I came into the world of scientific research because of two things: 1) I like science and 2) I like writing. Some teacher in high school suggested I should consider doing scientific research instead of going the pre-med route as I had intended, and somewhere down the line I decided that it would be a good idea. It wasn’t until much later that I realized that scientific writing and English/creative writing were so different that it is hard to draw a good comparison between the two.
Let me say that I was a chemistry major in undergraduate, and that creative writing was a strong interest on the side (so I picked up a minor in it), and that it was an experience to be that student who liked science in an advanced English course and vice versa. But as I progressed toward my degree, I began to wonder why those areas of study were so frequently mutually exclusive. Even now, I find that so many people in science will shamelessly speak the words, “I do science because I hate writing.” But then, isn’t part of advancing scientific research the goal of communicating your findings for the betterment of the general public? And so then why do we a) not emphasize the development of skills pertaining to putting our research into the proper rhetoric and b) exclude the general public from understanding our findings by not only limiting access to our publications, but also by using scientific vernacular that cannot be understood by the lay?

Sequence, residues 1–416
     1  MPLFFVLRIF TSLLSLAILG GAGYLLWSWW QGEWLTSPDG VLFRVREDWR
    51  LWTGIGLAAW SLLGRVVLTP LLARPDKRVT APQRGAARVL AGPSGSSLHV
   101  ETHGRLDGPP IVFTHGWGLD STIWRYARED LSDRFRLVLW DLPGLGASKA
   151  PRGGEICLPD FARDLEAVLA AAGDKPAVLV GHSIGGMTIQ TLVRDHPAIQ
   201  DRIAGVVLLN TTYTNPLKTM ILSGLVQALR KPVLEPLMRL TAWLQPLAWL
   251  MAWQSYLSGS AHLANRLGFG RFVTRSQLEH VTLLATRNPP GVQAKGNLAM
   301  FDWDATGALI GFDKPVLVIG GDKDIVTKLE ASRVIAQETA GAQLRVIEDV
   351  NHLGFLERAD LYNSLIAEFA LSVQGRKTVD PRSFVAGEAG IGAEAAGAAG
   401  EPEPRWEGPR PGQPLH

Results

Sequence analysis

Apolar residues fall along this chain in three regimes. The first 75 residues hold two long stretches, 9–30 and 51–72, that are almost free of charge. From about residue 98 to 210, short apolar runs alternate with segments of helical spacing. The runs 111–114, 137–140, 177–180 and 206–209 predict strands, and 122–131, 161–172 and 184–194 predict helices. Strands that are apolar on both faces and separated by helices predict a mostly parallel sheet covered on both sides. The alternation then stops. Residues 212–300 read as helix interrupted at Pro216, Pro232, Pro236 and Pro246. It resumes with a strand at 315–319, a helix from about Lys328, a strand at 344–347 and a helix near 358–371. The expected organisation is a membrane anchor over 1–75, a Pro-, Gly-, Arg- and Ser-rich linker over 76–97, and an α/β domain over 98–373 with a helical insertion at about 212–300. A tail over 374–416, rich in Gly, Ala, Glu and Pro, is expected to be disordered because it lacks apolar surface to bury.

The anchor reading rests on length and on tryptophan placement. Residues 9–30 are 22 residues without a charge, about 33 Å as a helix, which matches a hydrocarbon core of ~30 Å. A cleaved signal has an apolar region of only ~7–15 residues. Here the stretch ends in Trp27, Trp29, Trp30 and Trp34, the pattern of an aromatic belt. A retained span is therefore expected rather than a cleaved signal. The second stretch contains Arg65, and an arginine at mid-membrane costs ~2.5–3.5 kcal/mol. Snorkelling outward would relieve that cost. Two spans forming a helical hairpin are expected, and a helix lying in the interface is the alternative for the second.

I do ultimately like scientific writing, but I do think that many scientists use the words “it’s important to tell a complete story” and then frequently don’t. And I don’t mean to sound snobbish here, since I know first-hand that it’s really hard to tell a complete scientific story, and I still struggle with it to this day. But I think the same train of thought—where do I begin (read: background), what events develop (methods), what characters (materials) play a part in my story, and how does it end (conclusion)—still apply. If we use workshops in creative writing to improve our stories on each of these points, could we use workshops in scientific writing to improve our scientific stories as well? I’d love to discuss my scientific writing with hopes of improving it.
Anyway, I guess I’ll end this entry by referring back to the quote in the title—“The medium is the message” by Marshall McLuhan. If writing is our medium, our message needs to emphasize the importance and validity of our experimental pursuits. And if the author can’t convey this meaning through his or her writing, how does one convince their reader to accept the findings presented within?
About the Author
Hong Tran, Ph.D. Student, Chemical Biology
Published in: Student Voices